Shares were mixed in Asia on Tuesday as investors were boosted by strong growth in trade with China in September.
The Wall Street rally, led mainly by technology companies such as Apple and Amazon, has faded amid worries about economic stimulus in the United States and the resurgence of coronavirus cases in many countries.
But the publication of stronger trade data in Beijing helped Tokyo recover from early losses. Shanghai refused. The Hong Kong market was closed for a typhoon.
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Chinese exports rose 9.9 percent a year earlier to $ 239.8 billion in September, while imports rose 1
Chinese exporters have benefited from China’s relatively early opening from a pandemic and strong global demand for masks and medical supplies. They take market share from foreign competitors who have difficulty controlling diseases.
“Exports continue to grow well, most likely due to the recent strength of retail sales among China’s main trading partners. And the jump in imports suggests that domestic investment costs remain stable, “said Julian Evans-Pritchard of Capital Economics in a report.
Traders watched the Chinese currency after the central bank lifted a requirement for currency traders to post cash deposits, paving the way for more negative speculation about the yuan in the country, which could help curb its appreciation.
The change took effect on Monday and removes the 2018 requirement for a 20% deposit in yuan transactions to discourage speculators.
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The recovery of the world’s second-largest economy is rarely a bright spot as investors wait to see if the US Congress will be able to provide additional economic aid to Americans and businesses struggling with the coronavirus pandemic. With the accumulation of cases in the United States, Europe and many other countries, it is gaining momentum, and in some regions the risks of further disruption to trade, business and other day-to-day activities are increasing.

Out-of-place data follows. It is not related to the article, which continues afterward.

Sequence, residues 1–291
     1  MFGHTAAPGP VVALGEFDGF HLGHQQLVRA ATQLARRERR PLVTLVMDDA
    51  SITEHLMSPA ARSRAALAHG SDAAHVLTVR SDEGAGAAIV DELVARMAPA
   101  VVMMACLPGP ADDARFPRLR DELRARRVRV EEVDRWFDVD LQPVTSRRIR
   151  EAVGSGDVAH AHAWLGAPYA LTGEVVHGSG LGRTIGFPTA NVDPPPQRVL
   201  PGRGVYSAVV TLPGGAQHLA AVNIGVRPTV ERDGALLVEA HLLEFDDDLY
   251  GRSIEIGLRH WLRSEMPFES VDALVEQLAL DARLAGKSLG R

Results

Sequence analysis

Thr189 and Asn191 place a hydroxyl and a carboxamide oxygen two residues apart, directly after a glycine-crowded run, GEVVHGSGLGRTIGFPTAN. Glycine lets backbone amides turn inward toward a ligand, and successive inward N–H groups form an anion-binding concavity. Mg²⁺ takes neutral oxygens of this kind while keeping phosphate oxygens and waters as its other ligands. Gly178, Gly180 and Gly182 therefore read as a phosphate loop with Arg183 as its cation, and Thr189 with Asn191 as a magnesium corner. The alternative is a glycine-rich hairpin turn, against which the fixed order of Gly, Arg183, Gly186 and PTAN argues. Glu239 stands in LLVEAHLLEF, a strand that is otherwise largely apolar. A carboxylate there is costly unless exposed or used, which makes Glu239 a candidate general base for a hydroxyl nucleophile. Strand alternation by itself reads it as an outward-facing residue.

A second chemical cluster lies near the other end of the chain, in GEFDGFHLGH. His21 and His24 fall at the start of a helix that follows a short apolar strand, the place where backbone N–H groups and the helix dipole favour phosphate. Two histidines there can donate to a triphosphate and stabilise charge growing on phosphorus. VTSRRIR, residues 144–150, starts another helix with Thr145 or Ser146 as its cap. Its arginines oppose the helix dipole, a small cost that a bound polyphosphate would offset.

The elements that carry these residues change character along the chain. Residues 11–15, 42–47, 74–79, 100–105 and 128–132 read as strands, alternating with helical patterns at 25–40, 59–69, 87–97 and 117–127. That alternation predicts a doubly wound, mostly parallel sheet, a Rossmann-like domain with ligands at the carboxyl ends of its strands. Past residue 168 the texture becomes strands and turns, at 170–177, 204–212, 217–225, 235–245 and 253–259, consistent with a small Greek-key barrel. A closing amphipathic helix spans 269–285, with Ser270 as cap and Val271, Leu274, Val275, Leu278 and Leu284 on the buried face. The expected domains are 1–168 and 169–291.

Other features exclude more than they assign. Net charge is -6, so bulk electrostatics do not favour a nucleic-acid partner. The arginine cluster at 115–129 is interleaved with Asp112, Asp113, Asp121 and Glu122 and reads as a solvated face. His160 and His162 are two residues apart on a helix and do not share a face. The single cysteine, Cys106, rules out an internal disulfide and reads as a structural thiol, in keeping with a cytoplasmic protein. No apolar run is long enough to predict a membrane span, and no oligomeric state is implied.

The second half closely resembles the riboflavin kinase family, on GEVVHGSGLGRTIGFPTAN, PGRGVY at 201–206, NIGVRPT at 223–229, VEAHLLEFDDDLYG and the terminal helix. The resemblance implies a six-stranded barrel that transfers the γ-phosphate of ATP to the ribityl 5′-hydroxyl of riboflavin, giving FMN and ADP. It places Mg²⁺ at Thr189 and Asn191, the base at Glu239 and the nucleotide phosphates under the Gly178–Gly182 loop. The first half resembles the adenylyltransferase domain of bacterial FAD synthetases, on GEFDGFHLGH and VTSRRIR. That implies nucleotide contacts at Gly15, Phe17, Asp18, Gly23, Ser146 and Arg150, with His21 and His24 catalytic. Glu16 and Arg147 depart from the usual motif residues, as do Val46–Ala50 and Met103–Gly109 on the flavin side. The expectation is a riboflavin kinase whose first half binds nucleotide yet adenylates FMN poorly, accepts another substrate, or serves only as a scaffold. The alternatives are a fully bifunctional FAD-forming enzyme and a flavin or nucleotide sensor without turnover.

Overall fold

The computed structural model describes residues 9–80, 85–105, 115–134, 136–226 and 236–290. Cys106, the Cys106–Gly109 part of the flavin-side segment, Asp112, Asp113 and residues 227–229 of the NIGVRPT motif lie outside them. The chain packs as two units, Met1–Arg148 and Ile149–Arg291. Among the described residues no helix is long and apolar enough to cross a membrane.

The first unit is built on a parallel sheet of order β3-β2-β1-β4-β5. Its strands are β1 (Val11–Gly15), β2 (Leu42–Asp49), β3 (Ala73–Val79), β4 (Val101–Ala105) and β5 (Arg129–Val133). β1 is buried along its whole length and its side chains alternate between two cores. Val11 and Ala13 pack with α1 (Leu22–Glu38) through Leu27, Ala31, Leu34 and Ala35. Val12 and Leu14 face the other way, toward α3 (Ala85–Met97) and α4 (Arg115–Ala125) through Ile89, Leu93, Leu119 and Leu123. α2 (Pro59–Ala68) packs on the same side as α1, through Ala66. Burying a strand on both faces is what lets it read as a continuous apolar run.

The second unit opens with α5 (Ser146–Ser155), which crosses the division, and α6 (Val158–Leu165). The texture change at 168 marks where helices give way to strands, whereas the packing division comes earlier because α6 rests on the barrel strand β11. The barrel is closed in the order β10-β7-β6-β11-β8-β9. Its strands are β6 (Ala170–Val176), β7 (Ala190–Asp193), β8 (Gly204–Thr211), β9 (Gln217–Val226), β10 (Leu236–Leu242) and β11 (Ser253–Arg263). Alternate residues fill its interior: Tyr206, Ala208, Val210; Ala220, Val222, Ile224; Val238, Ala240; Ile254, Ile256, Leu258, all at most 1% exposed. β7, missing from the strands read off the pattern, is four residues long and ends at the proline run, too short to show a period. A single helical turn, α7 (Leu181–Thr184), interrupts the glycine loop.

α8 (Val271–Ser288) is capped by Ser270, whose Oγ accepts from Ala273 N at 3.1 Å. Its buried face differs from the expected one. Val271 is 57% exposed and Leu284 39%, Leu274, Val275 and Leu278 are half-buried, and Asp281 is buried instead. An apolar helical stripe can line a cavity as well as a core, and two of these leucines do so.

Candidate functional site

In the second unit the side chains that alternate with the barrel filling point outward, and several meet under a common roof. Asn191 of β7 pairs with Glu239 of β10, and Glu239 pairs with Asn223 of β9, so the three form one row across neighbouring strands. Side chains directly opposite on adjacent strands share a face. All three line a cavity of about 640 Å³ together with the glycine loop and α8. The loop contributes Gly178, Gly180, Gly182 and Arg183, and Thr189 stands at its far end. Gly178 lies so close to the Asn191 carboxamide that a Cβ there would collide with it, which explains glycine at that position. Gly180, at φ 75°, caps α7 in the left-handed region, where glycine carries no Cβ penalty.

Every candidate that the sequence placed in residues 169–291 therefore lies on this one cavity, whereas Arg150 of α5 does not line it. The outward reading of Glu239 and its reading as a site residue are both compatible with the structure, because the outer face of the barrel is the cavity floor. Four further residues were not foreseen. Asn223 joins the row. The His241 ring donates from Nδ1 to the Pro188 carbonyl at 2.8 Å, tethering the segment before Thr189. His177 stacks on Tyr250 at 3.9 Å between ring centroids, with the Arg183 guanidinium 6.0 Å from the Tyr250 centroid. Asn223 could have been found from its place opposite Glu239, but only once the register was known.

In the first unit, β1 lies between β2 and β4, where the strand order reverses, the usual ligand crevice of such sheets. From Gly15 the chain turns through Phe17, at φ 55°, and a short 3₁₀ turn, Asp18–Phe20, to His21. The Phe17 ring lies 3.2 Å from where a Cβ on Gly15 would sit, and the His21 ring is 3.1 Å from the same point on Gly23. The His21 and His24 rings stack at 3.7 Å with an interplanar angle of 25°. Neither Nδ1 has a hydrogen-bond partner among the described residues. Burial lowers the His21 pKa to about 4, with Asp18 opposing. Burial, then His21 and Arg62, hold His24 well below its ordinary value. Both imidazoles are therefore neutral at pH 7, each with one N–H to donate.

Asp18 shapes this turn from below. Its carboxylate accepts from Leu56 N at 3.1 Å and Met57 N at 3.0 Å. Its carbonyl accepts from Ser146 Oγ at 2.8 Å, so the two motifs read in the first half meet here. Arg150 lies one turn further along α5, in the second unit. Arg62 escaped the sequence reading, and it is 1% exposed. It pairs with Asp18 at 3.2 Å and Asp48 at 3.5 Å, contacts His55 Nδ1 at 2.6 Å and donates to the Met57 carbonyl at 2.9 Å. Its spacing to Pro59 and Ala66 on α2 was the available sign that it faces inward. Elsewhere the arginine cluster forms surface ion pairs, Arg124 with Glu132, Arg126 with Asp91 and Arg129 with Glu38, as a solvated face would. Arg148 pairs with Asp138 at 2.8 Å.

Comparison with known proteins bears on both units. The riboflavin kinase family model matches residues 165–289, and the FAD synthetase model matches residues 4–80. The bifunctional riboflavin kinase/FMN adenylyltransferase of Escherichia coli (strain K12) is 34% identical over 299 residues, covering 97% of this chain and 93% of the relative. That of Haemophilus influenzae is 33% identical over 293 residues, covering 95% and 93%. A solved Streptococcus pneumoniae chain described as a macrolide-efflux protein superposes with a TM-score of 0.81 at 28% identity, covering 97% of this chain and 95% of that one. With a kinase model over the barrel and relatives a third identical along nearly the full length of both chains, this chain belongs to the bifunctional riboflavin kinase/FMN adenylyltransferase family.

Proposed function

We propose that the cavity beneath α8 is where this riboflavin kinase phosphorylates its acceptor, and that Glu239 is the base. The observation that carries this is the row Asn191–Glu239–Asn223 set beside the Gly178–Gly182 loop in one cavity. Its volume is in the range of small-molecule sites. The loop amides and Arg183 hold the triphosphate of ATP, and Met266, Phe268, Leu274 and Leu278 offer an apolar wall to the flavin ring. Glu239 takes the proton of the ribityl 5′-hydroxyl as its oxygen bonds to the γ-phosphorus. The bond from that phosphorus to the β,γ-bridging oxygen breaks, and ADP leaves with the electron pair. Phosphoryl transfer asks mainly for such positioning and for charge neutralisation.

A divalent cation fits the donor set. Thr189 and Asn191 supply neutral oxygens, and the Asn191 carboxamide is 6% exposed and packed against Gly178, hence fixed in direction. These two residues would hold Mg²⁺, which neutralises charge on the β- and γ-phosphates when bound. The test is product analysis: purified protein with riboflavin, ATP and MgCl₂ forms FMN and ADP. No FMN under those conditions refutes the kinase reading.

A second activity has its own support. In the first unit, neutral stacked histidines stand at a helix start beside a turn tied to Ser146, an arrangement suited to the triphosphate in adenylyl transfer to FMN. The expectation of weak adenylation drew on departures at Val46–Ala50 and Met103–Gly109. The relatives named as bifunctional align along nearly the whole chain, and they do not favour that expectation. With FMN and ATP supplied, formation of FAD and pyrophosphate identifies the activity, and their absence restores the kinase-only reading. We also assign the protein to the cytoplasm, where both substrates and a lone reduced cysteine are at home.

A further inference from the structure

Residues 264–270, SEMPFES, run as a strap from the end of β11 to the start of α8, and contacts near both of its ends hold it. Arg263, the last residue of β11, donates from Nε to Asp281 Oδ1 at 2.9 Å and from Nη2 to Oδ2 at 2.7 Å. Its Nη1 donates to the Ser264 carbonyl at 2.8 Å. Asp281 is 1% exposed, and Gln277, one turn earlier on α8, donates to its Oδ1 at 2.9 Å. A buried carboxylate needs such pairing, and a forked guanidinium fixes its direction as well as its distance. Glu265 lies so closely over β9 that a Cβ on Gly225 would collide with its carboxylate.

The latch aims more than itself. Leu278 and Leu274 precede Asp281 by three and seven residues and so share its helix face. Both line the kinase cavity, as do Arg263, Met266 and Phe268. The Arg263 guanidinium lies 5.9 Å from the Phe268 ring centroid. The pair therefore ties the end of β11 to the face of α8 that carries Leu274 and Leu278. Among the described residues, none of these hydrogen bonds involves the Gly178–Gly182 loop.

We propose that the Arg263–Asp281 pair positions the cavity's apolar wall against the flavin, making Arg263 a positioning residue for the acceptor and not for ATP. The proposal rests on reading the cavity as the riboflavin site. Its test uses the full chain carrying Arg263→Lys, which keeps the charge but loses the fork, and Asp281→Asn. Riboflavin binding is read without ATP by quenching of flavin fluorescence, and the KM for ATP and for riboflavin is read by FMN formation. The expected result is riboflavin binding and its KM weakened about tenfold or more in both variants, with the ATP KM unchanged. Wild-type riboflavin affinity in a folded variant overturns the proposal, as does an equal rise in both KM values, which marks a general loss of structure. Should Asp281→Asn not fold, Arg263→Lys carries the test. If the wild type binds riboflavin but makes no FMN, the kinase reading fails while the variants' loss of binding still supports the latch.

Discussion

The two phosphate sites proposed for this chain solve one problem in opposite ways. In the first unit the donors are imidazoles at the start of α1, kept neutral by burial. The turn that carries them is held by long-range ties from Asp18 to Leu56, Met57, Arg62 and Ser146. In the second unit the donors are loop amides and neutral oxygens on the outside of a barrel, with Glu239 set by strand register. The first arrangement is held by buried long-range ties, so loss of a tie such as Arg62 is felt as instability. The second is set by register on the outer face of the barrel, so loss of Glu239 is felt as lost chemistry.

The Nikkei 225 index in Tokyo rose 0.2% to 23,601.78, while the Shanghai Composite index fell 0.1% to 3,355.72. Kospi from South Korea remained almost unchanged at 2,402.91. The shares were mixed in Southeast Asia.
The Indian Sensex rose 0.2% to 40,681.15.
The Australian S & P / ASX 200 rose 1% to 6,195.70, driven by earnings on bank stocks. Strong Chinese demand is good news for Australian exporters, although unconfirmed reports that Beijing is slowing down or halting Australian coal imports raise concerns about the economic impact of political friction between the two countries.
Wall Street increased its gains on Monday from last week’s rally, the best in the market for the past three months, as investors seem to have given up on recent signs that Democrats and Republicans remain far apart on more economic aid.
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The S&P 500 rose 1.6% to 3,534.22, with shares of Big Tech, including Apple and Microsoft, accounting for much of the gains. The benchmark is already within 1.4% of its record highs for September 2.
Investors can bet that Congress will present a more generous bill to help after the Nov. 3 election.
Analysts predict that the upcoming earnings season will show another quarter lower profits. Profits on the S&P 500 are expected to fall 20.5% from a year earlier, according to FactSet, better than the 31.6% decline in the spring quarter.
In terms of energy deals, crude oil in the United States earned 37 cents to $ 39.80 a barrel in e-commerce on the New York Mercantile Exchange. On Monday, it lost $ 1.17 to $ 39.43 per barrel.
Raw Brent also added 37 cents to $ 42.09 a barrel.
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The US dollar strengthened to 105.37 Japanese yen from 105.34 yen. The euro weakened to $ 1.1799 from $ 1.1896.
AP Business Writer Joe MacDonald in Beijing contributed.